How to stop your van being stolen

With expensive equipment locked inside, vans are often the target of thieves in the UK - we discuss ways to prevent your van being stolen


Think of vehicle theft and you will probably have in mind images of high-end, performance cars being targeted. But they’re no means the only objectives for thieves and crime gangs – vans are also high up the list of ‘hits’, not just for their own value, but for the expensive tools and equipment that can be found inside them.

Commercial vehicle theft stands at nearly 50,000 a year in the UK and that crime figure has risen steadily over the last decade with little sign of a let-up. A van is broken into every 23 minutes in Britain and, as well as the cost of cargo and tools stolen there is the added expense of having a van off the road for repairs, some of which can be very costly.

And whether you’re a fleet manager in charge of 100 vans or a one-man operator relying on your van to run your business, a break-in or total theft is a heart-breaking, disruptive and expensive incident.

So it has never been more important to ensure you are doing all you can to keep your property – the van and all its contents – as safe and secure as you possibly can. It only take a few minutes for your vehicle to be compromised, so security is something that must be taken seriously and practised every hour of every day.

Main types of attack

There are several ways in which a crook will try to gain entry into your van. Experts at Kent-based security firm Locks4Vans exhibited at the recent CV Show in Birmingham with a van fitted with most of their deterrents, and list the current most prevalent forms of attack.

“Is it the most secure van in Britain?” says commercial director Terry Rayner. “Well, we’d like to think so, however we have to constantly update our equipment as crooks continually overcome each security device.

“Many van owners come to us for remedial work after their vehicle has been broken into. It’s then that they realise they should have had some extra security fitted to their vans before they were targeted.”


Peel and Steal: The ‘peel and steal’ method is at an all-time high. Criminals use their knees to apply pressure to the van’s side load area or rear barn doors before pulling open from the top using their bodyweight. This not only reveals the van’s contents but causes considerable damage.


Anti-peel kit: Designed to reduce door peeling, this solution is fitted to the front edge of the vehicle’s side load door.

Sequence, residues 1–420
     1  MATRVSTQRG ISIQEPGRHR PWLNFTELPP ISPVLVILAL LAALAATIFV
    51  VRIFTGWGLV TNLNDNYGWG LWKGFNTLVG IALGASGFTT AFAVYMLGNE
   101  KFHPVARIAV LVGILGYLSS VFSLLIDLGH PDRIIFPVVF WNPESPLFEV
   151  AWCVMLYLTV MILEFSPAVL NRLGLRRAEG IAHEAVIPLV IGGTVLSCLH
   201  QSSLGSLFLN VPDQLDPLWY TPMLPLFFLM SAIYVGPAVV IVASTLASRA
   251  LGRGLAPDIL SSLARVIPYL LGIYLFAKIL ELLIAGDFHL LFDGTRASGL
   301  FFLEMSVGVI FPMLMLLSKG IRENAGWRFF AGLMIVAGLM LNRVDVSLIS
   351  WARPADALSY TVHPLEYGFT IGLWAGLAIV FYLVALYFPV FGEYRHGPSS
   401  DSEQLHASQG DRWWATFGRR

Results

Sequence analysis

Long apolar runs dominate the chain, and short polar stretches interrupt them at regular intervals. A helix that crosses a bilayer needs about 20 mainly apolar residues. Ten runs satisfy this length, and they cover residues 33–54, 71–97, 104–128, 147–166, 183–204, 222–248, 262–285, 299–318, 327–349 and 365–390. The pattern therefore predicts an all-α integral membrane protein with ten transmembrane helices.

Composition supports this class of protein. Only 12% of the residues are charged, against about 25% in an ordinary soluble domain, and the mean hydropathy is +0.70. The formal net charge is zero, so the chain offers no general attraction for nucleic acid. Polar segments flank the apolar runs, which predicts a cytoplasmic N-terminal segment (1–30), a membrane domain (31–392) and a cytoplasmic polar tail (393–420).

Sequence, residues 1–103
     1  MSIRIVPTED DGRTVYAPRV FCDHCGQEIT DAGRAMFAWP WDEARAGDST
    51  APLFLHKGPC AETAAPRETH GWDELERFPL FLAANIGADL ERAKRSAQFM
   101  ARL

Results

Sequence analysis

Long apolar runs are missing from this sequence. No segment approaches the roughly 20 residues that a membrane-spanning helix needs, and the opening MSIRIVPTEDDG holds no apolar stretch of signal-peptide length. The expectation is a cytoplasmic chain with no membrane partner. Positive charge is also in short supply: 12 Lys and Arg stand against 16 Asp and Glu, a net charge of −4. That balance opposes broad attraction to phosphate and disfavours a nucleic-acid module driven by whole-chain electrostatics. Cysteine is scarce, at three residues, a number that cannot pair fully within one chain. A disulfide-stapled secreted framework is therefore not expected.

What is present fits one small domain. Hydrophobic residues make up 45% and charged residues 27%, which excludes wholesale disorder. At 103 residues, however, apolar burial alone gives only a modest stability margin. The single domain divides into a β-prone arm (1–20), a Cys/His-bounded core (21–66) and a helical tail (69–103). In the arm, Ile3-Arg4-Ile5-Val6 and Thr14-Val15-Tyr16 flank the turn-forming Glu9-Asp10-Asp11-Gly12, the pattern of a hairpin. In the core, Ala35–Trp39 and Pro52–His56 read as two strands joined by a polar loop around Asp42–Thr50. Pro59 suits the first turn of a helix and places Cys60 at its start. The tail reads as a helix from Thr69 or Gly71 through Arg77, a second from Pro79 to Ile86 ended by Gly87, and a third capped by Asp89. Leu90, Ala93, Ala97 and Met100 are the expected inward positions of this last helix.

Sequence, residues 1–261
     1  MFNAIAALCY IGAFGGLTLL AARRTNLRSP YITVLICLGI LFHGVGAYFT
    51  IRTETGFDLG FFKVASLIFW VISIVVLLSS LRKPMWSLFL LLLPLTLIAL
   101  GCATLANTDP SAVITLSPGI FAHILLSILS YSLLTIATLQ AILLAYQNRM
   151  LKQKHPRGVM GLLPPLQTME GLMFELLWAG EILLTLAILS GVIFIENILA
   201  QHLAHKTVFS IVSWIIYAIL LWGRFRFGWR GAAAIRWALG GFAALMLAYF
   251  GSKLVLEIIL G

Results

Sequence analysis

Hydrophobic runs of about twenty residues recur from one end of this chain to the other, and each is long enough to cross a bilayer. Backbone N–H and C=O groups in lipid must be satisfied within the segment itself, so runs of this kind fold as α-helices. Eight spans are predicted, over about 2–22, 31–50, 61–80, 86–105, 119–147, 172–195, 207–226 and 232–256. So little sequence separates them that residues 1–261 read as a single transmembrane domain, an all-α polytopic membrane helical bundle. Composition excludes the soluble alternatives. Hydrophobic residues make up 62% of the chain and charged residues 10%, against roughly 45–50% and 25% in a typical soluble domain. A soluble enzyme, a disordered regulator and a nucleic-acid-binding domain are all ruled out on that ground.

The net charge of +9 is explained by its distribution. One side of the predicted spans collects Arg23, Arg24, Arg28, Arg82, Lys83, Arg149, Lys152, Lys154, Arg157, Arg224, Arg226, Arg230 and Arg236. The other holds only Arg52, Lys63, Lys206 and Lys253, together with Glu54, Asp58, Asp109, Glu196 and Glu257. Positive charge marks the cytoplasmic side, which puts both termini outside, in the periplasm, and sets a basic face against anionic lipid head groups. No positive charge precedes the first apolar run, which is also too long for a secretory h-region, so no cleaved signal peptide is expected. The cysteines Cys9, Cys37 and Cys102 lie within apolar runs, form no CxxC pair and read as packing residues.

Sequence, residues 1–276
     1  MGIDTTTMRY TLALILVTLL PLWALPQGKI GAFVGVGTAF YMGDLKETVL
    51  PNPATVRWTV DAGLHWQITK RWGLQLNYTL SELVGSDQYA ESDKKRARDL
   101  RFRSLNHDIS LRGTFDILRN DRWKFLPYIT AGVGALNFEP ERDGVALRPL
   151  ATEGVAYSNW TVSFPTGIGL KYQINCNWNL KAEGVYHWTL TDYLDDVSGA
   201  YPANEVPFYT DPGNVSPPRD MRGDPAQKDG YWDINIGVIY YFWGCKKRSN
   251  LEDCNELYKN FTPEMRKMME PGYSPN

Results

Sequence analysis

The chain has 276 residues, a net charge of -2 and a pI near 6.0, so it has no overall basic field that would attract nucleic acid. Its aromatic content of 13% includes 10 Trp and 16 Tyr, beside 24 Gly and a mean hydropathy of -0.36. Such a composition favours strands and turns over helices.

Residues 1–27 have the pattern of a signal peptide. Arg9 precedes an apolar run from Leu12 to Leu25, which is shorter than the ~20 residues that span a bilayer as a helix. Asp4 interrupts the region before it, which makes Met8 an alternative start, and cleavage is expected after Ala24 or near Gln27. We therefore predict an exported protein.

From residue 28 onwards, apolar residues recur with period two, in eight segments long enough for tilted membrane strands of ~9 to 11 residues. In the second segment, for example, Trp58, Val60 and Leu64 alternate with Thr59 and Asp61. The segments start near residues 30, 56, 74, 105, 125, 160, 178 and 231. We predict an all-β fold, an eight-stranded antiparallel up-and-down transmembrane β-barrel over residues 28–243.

Statement Lock: The lock mounts externally to the doors of the vehicle and braces them together for a high security result.


Exposing the locking system: From cutting the van’s expensive central wiring loom

to puncturing the outer bodywork of the van, most of these attack methods are extremely quick and very inconspicuous at the time.


Shielding: Providing internal and external protection they reduce the risk of an attack. External plates also act as a deterrent, helping to reduce the cost of costly door repairs. Hook Lock: A deadlocking hook bolt engages into its opposing body section and is operated by its high-security external key.


Opportunist van crime: Even leaving the load area unlocked for a couple of seconds can give an opportunist thief enough time to make off with precious cargo.  If you are regularly in and out of your van, there is a chance you might forget to lock the door.


Slam lock: It safeguards against the driver forgetting to lock the doors, so once the door is shut it locks automatically and can only be opened using the correct lock key. This dramatically reduces the opportunity for theft.

Slam handle: Similar effect to a slam lock, it is designed for couriers, multi-drop delivery drivers and for any job where a driver could be regularly in and out of a load area throughout the day.

Basic security steps

As well as buying specialist security equipment for your van, there are some simple steps to take which will help reduce the chance of theft or break-in:

1. Always lock the doors, even for a few minutes

2. A van’s signwriting shows what you might be carrying. Consider an unmarked vehicle

3. Just as with cars, don’t leave phone, satnav or equipment on show in the cab

4. Remove expensive equipment and tools at night

5. Keep your keys with you so that thieves can’t clone them

6. Use stickers to tell crooks that ‘No valuable are left overnight’ or ‘GPS tracking fitted’

7. An immobiliser will reduce the risk of the van actually being driven away

8. If it does get stolen, a tracking device could help the police to find it

Tom Johnston
Tom Johnstonhttp://johnstonmedia.com/
Tom Johnston was the first-ever reporter on national motoring magazine Auto Express. He went on to become that magazine’s News Editor and Assistant Editor, and has also been Motoring Correspondent for the Daily Star and contributor to the Daily and Sunday Express. Today, as a freelance writer, content creator and copy editor, Tom works with exciting and interesting websites and magazines on varied projects.

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